The Kings in the 80s – Mr. Zero, Sonny Keyes, Max Styles, David Diamond
Two songs, one classic hit. Songwriting partners and members of The Kings, David Diamond and Mister Zero knew they had two pretty good tunes, but it wasn’t until the band put the songs together as a segue in rehearsal that the magic started to happen. The 1980 release of This Beat Goes On/Switchin’ to Glide, became The Kings’ breakout rock hit that stayed on Billboard’s Hot 100 for 23 weeks, and today has more than 2 million+ streams on Spotify while the video has 4 million+ views on YouTube.
On the 40th anniversary of This Beat Goes On/Switchin’ to Glide, the Canadian Songwriters Hall of Fame (CSHF) is pleased to celebrate the song induction that was presented to Diamond and Zero on Monday, November 2 during a virtual induction airing on Breakfast Television Canada. The presentation will also include a live-streamed performance by The Kings on stage inside the newly renovated El Mocambo in Toronto.
“We’re thrilled to recognize the writing duo of Diamond and Zero, whose song will now join a rich legacy of fellow Canadian Songwriters Hall of Fame Inductees who have also created hybrid hits including The Guess Who’s No Sugar Tonight/New Mother Nature, and Galt MacDermot’s Aquarius/Let the Sun Shine In by The Fifth Dimension,” said Vanessa Thomas, CSHF Executive Director.
Zero first started writing songs when he met keyboardist Sonny Keyes in Vancouver, BC in the ‘70s, and together determined that they needed to form a band to bring their compositions to life. Zero reached out to bassist/singer David Diamond and drummer Max Styles that he knew from high school back in Oakville, Ontario and the band they named Whistleking was born.
Soon Diamond was contributing songs and cowriting as well, and with his incredible lead vocals, the four young men knew that this was something special. So, they wrote, rehearsed and gigged for a couple of years and after winning the first homegrown radio talent contest in Toronto, they realized a catchier name was needed and they became The Kings.
When The Kings went into Toronto’s Nimbus 9 recording studio to make an indie album, they had no idea that they would meet celebrated producer Bob Ezrin, who had just recorded Pink Floyd’s No. 1 album “The Wall.” Ezrin realized that while the talent was there, the band needed his studio expertise.
With Ezrin’s input, Diamond had changed the chord structure for This Beat Goes On and then Zero spent a couple of weeks re-writing the lyrics. Elektra released Switchin’ to Glide as a single, but it didn’t get much notice until the label released the two-song segue and that is when the phones started ringing at major market radio stations across North America.
This Beat Goes On/Switchin’ to Glide stayed on the Billboard Hot 100 for 23 weeks, and peaked at No. 43 on December 13, 1980. It reached the Top 10 on Toronto’s CHUM FM and WMET in Chicago, but it was massive airplay at U.S. stations like mid-West powerhouse WLS-AM, WRIF in Detroit, KROQ in L.A., and WNEW in New York City that gave Elektra reason to really promote the single. On the West Coast leg of a long tour, they debuted in L.A. at the Whisky a-Go-Go, and gave an electrifying performance on Dick Clark’s American Bandstand for ABC TV.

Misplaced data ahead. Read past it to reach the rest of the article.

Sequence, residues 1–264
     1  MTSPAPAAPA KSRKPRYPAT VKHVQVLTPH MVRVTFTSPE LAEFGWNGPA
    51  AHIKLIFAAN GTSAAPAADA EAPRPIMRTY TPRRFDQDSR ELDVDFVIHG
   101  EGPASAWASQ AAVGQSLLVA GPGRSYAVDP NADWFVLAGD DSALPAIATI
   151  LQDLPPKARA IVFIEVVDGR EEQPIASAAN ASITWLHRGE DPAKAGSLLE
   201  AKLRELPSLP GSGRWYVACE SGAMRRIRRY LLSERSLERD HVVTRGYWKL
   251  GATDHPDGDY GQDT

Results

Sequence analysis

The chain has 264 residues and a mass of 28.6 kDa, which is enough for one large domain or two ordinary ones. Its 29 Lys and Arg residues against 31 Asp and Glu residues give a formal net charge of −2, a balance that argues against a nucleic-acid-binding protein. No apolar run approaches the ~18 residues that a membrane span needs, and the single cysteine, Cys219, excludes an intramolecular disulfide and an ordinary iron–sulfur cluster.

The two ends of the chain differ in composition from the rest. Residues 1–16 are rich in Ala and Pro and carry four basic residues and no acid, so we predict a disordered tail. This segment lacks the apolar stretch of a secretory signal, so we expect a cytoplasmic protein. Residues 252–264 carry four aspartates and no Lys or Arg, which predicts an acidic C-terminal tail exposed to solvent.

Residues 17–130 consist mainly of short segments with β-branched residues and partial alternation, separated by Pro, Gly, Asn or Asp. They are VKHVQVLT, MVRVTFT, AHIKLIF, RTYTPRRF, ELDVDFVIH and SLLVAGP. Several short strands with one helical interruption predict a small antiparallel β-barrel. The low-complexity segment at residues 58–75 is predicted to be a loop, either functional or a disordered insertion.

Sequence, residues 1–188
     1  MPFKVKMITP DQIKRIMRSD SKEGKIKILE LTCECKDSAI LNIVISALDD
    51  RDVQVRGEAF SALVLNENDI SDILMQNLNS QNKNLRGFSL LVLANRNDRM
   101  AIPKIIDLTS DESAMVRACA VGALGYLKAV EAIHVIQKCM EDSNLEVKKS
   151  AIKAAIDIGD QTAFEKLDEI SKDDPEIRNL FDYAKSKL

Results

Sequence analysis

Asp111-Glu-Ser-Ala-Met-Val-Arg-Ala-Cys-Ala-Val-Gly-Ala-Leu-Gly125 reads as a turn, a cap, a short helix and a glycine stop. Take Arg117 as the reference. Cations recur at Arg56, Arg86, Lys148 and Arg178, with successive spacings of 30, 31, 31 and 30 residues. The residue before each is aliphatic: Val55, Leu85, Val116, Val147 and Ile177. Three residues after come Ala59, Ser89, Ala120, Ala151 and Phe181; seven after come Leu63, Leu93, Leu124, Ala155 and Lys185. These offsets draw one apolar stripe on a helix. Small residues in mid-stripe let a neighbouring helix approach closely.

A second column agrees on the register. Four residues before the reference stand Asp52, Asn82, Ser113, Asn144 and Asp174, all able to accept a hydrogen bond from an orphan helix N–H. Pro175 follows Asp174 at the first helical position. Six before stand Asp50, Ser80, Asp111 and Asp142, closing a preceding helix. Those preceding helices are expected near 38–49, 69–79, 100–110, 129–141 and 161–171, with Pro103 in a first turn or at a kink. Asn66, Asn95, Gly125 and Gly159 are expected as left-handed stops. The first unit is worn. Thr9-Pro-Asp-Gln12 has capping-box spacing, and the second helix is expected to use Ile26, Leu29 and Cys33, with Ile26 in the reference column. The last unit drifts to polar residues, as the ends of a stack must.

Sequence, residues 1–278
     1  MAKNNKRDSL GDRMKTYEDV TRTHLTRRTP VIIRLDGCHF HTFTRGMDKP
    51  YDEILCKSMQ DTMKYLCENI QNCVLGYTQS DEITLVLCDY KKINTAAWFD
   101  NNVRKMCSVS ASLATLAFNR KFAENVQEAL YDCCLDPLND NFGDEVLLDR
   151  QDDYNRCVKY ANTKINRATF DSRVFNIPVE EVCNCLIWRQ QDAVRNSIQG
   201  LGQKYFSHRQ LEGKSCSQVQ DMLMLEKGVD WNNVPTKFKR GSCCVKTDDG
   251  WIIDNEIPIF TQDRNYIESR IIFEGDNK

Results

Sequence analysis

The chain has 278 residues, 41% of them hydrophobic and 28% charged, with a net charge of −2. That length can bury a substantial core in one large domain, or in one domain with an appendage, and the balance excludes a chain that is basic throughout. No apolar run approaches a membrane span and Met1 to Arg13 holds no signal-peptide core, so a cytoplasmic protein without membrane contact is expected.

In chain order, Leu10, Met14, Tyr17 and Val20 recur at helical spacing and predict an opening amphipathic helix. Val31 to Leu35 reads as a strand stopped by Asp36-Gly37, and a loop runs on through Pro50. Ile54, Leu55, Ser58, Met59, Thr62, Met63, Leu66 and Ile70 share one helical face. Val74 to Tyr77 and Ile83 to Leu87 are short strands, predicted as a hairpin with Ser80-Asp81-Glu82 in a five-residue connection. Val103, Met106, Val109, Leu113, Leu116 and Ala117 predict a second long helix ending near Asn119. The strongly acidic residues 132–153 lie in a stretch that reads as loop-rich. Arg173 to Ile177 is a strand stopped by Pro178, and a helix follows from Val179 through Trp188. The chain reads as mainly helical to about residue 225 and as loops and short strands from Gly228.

In Canada, the song reached No. 59 on RPM’s Top 100 chart, and No. 8 on the Canadian content chart. It was also named “One of the Top 100 Radio Programmers Picks of the Decade” by Album Network Magazine U.S., and labelled the “Almost Official Song of Toronto” in 2018 by the Toronto Star.
The album “The Kings are Here,” reached Billboard’s Top 100 album chart and went Gold in Canada, earning a JUNO Award nomination for Most Promising Group of the Year, and The Kings were named Most Promising New Band by Cashbox Magazine USA. After the CD version came out, the album passed platinum status and was declared a SOCAN Classic in 2016 for more than 100,000 plays on Canadian radio.
Four decades since its release, The Kings have performed more than 2,000 shows across North America sharing stages with international stars including Eric Clapton, The Beach Boys, Bob Seger, Jeff Beck and many others, as well as Canadian artists Loverboy, April Wine, Jeff Healey, Teenage Head, and more.
Since there never was a video for the segue, The Kings produced one themselves, using live footage from more than 20 years of shows, which was also repurposed for their documentary, Anatomy of a One-Hit Wonder, that tells the band’s success story with their trademark humour.
Alongside YouTube and music streaming, The Kings continue to amass fans from around the world with a recently released concert movie, The Kings: Live at Heatwave, using re-mastered footage from their closing performance at 1980’s Heatwave Rock Festival in Bowmanville, Ontario that also headlined Elvis Costello, The B-52’s and The Pretenders among others.
Following the virtual song induction, the Canadian Songwriters Hall of Fame will add This Beat Goes On/Switchin’ to Glide to its permanent and interactive exhibition at the National Music Centre in Calgary, that features a celebrated catalogue of inducted songs that fans can listen to, as well as displays, exclusive artifacts, and one-of-a-kind memorabilia celebrating Canada’s greatest songwriters and Inductees.